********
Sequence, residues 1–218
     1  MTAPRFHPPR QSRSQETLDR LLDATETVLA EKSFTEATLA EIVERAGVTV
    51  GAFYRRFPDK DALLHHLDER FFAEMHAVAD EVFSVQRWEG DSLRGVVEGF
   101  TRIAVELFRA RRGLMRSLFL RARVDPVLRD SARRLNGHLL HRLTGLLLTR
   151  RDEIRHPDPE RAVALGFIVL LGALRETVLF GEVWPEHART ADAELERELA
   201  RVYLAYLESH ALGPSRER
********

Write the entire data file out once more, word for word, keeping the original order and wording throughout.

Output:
Sequence, residues 1–218
     1  MTAPRFHPPR QSRSQETLDR LLDATETVLA EKSFTEATLA EIVERAGVTV
    51  GAFYRRFPDK DALLHHLDER FFAEMHAVAD EVFSVQRWEG DSLRGVVEGF
   101  TRIAVELFRA RRGLMRSLFL RARVDPVLRD SARRLNGHLL HRLTGLLLTR
   151  RDEIRHPDPE RAVALGFIVL LGALRETVLF GEVWPEHART ADAELERELA
   201  RVYLAYLESH ALGPSRER